How to Ace the Interview
In today’s world of higher education and professional resumes it becomes increasingly important to work on your interview skills. With more and more people searching out ways to elevate themselves through education employers want to hire that perfect someone rather than that perfect set of skills. Enter the interview.
At a recent LJS networking event the topic of discussion was what does it take to interview like a pro. A gathering of employees and employers talked about how to interview like a pro to land that dream job. There was a long list of what people look for in employees, however none of them were job specific skills. The theme of what is being looked for is what kind of a person you are. Comment was made that all of these character traits aren’t usually things that can be learned, but the skills required for the jobs can usually be taught. Everyone agreed that they all want employees who are trustworthy, reliable and share the same values as them and their organization.
What do employees not want to hear and what can they do to make sure they’re doing all the right things. The last thing a prospective employee wants to hear when they step into that interview room is what is your biggest weakness? While many have prepared for this it still feels like you have to admit something to your new employer. A piece of advice that we at LJS like to give is to pick something that doesn’t really relate to the job that’s being applied for and then elaborate how you’ve been working on it. Unless your interviewer is particularly astute they’re probably just going to ask you about any old weakness which gives you any easy out to pick whatever you want. If you want to make sure that you’re memorable in the interview process come prepared to tell the interviewer what you’re most passionate about and how that can be of benefit to them. In essence your job is to sell yourself to that person and you want to make sure it’s easy for them to buy. Letting them know that you can be of good use is your biggest priority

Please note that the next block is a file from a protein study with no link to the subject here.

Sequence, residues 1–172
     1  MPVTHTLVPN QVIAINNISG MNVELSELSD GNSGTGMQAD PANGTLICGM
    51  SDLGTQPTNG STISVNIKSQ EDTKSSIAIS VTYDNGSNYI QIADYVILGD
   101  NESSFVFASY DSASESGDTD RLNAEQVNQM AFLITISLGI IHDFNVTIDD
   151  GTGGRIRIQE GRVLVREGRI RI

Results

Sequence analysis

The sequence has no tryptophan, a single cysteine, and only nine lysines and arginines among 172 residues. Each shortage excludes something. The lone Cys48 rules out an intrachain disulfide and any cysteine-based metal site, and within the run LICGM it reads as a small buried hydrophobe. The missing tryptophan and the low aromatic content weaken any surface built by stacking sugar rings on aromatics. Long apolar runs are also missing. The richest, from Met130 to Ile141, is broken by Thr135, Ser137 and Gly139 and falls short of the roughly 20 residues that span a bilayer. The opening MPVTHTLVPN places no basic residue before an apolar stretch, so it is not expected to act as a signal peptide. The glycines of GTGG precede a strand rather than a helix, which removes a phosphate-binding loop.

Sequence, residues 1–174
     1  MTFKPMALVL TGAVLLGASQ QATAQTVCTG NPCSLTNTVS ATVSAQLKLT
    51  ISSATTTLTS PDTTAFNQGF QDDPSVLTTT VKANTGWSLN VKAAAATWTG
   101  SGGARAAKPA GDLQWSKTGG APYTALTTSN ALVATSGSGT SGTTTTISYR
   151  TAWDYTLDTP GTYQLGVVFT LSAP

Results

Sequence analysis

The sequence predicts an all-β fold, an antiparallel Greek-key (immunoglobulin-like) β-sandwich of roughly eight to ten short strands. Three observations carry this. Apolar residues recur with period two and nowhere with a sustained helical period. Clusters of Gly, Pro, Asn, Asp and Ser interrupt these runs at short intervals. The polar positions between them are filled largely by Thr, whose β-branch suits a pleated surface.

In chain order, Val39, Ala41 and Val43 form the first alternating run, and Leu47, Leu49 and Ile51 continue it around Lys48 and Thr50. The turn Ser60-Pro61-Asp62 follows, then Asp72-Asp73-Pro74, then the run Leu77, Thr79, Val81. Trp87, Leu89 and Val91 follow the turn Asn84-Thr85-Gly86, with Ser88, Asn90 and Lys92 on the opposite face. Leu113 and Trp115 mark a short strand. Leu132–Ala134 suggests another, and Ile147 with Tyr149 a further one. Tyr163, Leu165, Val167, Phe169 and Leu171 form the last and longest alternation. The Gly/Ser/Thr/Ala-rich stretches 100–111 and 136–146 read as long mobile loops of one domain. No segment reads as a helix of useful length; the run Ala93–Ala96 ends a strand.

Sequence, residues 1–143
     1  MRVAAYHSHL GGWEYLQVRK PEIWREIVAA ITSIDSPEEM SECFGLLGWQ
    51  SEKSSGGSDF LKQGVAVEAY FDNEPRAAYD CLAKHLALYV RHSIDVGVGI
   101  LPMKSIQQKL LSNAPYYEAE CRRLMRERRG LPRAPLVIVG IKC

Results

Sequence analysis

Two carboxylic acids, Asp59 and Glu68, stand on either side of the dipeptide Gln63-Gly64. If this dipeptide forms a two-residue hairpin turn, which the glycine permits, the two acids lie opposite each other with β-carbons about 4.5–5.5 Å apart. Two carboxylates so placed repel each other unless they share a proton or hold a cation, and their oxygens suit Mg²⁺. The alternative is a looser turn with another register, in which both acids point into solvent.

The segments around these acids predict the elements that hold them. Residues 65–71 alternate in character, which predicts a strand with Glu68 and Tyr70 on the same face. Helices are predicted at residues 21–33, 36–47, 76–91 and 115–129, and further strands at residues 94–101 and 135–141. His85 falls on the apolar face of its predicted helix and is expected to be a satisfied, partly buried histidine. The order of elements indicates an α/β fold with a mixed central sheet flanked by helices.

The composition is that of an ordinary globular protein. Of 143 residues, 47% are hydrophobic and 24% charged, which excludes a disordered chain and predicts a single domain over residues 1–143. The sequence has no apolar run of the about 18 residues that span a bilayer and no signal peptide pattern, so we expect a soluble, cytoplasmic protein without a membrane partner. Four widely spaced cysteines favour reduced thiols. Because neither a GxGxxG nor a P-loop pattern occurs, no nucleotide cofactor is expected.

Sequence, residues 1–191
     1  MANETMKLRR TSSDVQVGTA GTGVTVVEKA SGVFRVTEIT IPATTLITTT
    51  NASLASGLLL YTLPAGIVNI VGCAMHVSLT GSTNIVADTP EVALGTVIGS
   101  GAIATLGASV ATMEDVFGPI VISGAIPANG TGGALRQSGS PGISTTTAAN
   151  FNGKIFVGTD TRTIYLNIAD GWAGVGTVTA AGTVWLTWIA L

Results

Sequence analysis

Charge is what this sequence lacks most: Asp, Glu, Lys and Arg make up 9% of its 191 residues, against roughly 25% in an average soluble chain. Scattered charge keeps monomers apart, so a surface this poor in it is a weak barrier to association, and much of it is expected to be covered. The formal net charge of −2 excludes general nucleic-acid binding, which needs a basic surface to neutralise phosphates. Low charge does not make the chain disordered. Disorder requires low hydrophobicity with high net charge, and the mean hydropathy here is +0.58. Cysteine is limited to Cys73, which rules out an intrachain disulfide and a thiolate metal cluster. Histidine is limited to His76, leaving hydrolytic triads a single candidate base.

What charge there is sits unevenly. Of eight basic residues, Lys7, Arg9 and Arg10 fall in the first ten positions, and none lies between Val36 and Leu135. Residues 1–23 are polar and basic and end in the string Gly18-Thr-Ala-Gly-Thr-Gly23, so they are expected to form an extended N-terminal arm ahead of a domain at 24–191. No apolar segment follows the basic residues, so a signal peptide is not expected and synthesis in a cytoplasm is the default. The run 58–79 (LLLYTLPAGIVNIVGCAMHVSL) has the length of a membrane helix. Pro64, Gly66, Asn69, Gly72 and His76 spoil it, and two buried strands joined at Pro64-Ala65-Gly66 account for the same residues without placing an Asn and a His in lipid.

Finally the discussion rounded out with a short discussion on the things that everyone wants to know, but everyone knows that you can’t really ask them. For example you might have a relatively young person applying for your posting, what everyone wants to know is if there’s anything going on at home that might prevent someone from performing the job at peak performance. Things such as children or the prospect thereof could possibly cause a bias against a future employee. The easiest way to get around this as an employer would be to ask the interviewee how many days of work they missed in the last year, this way you find out how dedicated they have been to previous positions and what you can expect of them in the future.
At LJS we help many people perfect their interview skills so they can land their dream job. If you’re looking for help feel free to contact us by using the connect button on the home page, we look forward to hearing from you.